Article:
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100 Must-Know French Adjectives


Can you imagine how boring life would be without adjectives? You could never describe what you like or what you want, and giving an opinion on anything would be as bland and binary as clicking a “Like” button.

You probably already know several French adjectives and are aware of their importance. French adjective placement isn’t obvious, but it’s not rocket science either. As soon as you get familiar with the irregular adjectives list and how to handle their feminine and plural forms, they’ll unveil their secrets to you.

In this article, I’ll explain everything you need to know about how to use and adapt adjectives to your needs. Then, I’ll give you the ultimate list of the 100 most common and useful French adjectives. Not only will they allow you to describe things, people, and situations more accurately, but they will also give more color and texture to your speech.

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Table of Contents

  1. How to Use Adjectives in French
  2. French Adjectives to Know for Evaluating
  3. French Adjectives of Size and Shape
  4. Key French Adjectives to Describe Physical Qualities
  5. Adjectives in French for Ordering
  6. French Adjectives for Comparing Things
  7. French Adjectives to Describe Condition
  8. French Adjectives to Describe People
  9. French Adjectives to Describe Situations
  10. Describing the Colors in French
  11. Describing Food in French
  12. How FrenchPod101 Can Help You Learn More French

1. How to Use Adjectives in French


1- Before or After: Where do French Adjectives Go?

How do French adjectives work? Where do they go?

The majority of French adjectives need to be placed AFTER the noun they describe.

For example:

  • Un truc bizarre
    “A weird thing”
  • Une science exacte
    “An exact science”
  • Une table ronde
    “A round table”
  • Un ciel bleu
    “A blue sky”

However, some of the most common French adjectives come BEFORE the noun.

  • Une jolie fille
    “A pretty girl”
  • Une belle journée
    “A beautiful day”
  • Un grand voyage
    “A long travel”
  • Un nouveau monde
    “A new world”

In our French adjectives list, these will be marked in purple.

A small number of adjectives have a different meaning depending on whether they’re placed before or after.

  • Un ancien hôpital
    “A former hospital”
  • Un hôpital ancien
    “An ancient hospital”

Finally, some marginal adjectives must be placed before or after the noun depending on the noun itself.

  • Des cheveux courts
    “Short hair”
  • Une courte pause
    “A short break”
  • L’année prochaine
    “Next year”
  • La prochaine fois
    “Next time”

2- Masculine or Feminine

Most French adjectives have different feminine and masculine forms.

Both will be written in the list, as follows: Masculine – Feminine

  • Petit – Petite
  • Fin – Fine

When the masculine and feminine forms are identical, only one form will be shown.

  • Bizarre
  • Facile

3- Plural or Invariable

Most of the essential French adjectives have a different spelling in plural form. They simply take a final -s.

  • Petits – Petites
    Des petites maisons
    (Small houses)
  • Bizarres
    Des animaux bizarres.
    (Strange animals)

When a singular adjective ends with a -s or an -x, it doesn’t change in plural form:

  • Un animal heureux (A happy animal)
    • Des animaux heureux (Happy animals)
  • Un mur épais (A thick wall)
    • Des murs épais (Thick walls)

Two Mice on Cheese

Deux souris heureuses (“Two happy mice” )

2. French Adjectives to Know for Evaluating

Improve Pronunciation

Masculine – Feminine

Bon – Bonne

1. “Good”

2. “Right,” “Correct”

1. J’ai un bon niveau.
“I have a good level.”

2. J’attends le bon moment.
“I’m waiting for the right moment.”

Mauvais – Mauvaise

1. “Bad”

2. “Wrong,” “Incorrect”

1. C’est un très mauvais film.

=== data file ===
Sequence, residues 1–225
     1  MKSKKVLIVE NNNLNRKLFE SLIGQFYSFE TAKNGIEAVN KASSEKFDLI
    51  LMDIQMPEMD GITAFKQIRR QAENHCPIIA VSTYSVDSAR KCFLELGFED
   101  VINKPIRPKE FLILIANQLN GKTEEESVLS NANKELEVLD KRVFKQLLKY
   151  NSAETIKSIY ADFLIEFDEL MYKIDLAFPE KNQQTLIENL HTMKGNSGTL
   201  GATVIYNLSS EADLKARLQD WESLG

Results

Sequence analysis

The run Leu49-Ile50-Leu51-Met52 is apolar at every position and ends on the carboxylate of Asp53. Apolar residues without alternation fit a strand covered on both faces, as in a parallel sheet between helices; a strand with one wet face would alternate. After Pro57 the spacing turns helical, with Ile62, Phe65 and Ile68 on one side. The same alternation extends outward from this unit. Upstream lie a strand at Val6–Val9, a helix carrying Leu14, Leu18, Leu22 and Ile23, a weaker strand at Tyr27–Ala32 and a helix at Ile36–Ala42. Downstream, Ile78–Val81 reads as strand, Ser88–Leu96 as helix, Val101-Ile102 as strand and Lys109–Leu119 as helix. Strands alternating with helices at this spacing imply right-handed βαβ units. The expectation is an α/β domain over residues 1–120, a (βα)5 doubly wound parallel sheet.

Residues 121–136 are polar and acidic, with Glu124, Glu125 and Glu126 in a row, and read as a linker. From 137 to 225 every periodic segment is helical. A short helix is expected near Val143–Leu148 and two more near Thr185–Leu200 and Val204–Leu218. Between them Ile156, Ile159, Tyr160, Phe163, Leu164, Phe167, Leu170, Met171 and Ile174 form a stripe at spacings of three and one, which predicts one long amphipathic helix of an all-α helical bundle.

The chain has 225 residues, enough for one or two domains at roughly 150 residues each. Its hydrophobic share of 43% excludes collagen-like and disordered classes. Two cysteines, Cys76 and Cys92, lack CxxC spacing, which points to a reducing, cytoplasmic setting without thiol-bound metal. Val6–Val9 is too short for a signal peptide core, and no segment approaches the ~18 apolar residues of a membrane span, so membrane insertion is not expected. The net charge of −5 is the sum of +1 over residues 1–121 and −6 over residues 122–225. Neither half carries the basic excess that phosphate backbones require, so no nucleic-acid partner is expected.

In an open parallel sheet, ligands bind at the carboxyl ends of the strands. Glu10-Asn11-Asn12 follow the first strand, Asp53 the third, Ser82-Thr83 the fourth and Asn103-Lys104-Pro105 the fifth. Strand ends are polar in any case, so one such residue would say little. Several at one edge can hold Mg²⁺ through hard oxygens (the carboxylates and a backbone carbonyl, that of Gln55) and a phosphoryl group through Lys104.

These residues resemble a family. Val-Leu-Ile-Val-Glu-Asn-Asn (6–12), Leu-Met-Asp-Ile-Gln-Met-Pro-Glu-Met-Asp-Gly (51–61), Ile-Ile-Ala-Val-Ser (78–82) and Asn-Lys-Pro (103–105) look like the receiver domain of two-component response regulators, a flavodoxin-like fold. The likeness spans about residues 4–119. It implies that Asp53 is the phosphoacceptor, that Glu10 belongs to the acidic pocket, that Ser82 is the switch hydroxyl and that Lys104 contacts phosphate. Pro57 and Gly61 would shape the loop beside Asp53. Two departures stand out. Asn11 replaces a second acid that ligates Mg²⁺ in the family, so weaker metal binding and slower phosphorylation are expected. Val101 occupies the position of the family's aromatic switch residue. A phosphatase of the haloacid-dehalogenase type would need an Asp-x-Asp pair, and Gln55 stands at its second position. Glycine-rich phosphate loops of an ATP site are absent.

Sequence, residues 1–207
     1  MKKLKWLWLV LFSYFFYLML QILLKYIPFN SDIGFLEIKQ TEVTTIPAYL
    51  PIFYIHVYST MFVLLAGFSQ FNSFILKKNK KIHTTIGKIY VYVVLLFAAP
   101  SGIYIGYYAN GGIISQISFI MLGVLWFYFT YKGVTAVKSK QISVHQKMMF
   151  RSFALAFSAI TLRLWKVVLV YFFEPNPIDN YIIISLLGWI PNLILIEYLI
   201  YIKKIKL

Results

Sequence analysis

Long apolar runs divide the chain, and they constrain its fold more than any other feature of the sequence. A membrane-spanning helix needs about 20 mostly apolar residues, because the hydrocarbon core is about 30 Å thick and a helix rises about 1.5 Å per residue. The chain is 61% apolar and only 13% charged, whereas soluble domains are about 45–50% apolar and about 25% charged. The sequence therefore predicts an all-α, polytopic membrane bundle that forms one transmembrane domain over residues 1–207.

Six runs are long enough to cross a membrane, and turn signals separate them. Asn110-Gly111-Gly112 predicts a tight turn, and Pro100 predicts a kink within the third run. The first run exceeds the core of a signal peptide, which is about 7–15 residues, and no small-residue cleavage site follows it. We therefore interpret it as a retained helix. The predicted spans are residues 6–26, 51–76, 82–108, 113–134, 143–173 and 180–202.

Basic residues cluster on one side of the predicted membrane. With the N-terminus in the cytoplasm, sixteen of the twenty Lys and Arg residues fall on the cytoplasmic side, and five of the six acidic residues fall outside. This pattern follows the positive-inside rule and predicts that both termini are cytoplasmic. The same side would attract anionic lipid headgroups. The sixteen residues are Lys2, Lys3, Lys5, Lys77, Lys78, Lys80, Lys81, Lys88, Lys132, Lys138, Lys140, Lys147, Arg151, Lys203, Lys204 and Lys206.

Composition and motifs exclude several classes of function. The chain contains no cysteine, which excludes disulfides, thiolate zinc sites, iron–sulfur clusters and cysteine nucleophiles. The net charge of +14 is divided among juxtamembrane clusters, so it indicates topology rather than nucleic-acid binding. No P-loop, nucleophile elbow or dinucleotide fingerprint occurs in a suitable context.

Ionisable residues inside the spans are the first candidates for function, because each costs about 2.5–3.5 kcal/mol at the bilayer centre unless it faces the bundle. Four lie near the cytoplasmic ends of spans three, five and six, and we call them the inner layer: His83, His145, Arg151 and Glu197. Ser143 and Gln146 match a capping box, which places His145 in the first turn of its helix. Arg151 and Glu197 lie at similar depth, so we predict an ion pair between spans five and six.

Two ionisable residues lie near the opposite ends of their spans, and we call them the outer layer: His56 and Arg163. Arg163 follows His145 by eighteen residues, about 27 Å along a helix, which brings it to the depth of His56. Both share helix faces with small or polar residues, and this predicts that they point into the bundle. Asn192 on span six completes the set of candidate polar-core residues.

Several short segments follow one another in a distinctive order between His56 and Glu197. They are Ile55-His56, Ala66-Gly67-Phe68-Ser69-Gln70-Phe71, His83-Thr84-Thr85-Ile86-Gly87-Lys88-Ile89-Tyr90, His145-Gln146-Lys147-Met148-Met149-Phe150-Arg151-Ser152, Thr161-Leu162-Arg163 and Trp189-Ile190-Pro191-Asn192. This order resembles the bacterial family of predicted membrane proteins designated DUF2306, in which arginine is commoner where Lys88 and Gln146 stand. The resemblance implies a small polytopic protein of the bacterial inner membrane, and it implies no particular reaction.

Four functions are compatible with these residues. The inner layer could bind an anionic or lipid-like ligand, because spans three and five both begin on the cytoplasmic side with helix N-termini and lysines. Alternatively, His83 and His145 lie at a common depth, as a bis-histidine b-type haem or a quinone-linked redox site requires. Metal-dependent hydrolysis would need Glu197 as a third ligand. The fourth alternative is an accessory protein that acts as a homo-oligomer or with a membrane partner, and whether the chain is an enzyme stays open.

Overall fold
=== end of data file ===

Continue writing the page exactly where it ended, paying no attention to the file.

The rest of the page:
“This is a very bad movie.”

2. Tu as pris le mauvais tournant.
“You have taken a wrong turn.”

Génial – Géniale
C’est génial de te rencontrer !
“It’s awesome to meet you!”
Vous devez brûler cette horrible chose.
“You have to burn this horrible thing.”
“Weird,” “Strange”
L’ornithorynque est un animal très bizarre.
“The platypus is a really weird animal.”

The word “bizarre” is also present in the English language with a similar meaning, but it wasn’t imported from French. Was it originally Basque, Spanish, or Portuguese? Its bizarre etymology is still debated and mysterious.

Plus facile à dire qu’à faire.
“Easier said than done.”

Here is another way to use facile in a familiar context:

Il doit peser facile 200 kg !
“He’s got to be 200 kilos, easy!”

“Difficult,” “Hard”
C’est une situation difficile.
“It is a difficult situation.”
Avec elle, tout est possible.
“With her, anything is possible.”
Il est impossible de survivre à une telle chute.
“It’s impossible to survive such a fall.”

Impossible n’est pas Français
“There is nothing impossible for the French,” or literally “Impossible is not French.”

This is a famous quote attributed to Napoléon. It can be used as a mantra when we have to do something so difficult it borders on impossible.

Une histoire simple mais émouvante.
“A simple yet moving story.”
Compliqué – Compliquée
On est pas vraiment ensemble…c’est compliqué.
“We’re not really together…it’s complicated.”
Cher – Chère
C’est beaucoup trop cher pour ce que c’est !
“This is way too expensive for what it’s worth!”

This word has nothing to do with American singer and Goddess of Pop, Cher.

Woman Looking Out At A Coastal City

Il fait beau ! (“The weather is good!” )

    → To practice with adjectives about the weather, make sure to visit our vocabulary list about Weather Conditions. It’s freely available on FrenchPod101.

3. French Adjectives of Size and Shape

Grand – Grande

1. “Large,” “Big”

2. “Tall”

3. “Great,” “Major”

1. Elle a un grand jardin.
“She has a big garden.”

2. J’ai l’air plus grande avec mes talons.
“I look taller with my heels.”

3. Blade Runner est un grand film de science-fiction.
Blade Runner is a major science-fiction movie.”

Do not confuse Grand with its English homonym “Grand.”

In English, “grand” means “impressive,” “important,” or “large in degree.”
For example: “A grand opening,” “The Grand Canyon,” or “This palace is very grand.”

Gros – Grosse

1. “Big”

2. “Fat”

1. J’aime les grosses voitures.
“I love big cars.”

2. Il est tellement gros qu’il ne voit plus ses pieds.
“He’s so fat he can’t see his feet anymore.”

Petit – Petite

1. “Small,” “Little”

2. “Little,” “A kid”

1. Ma copine aime les petits chats.
“My girlfriend loves small cats.”

2. Quand j’étais petit, j’allais pêcher avec mon père.
“When I was little, I went fishing with my dad.”

Epais – Epaisse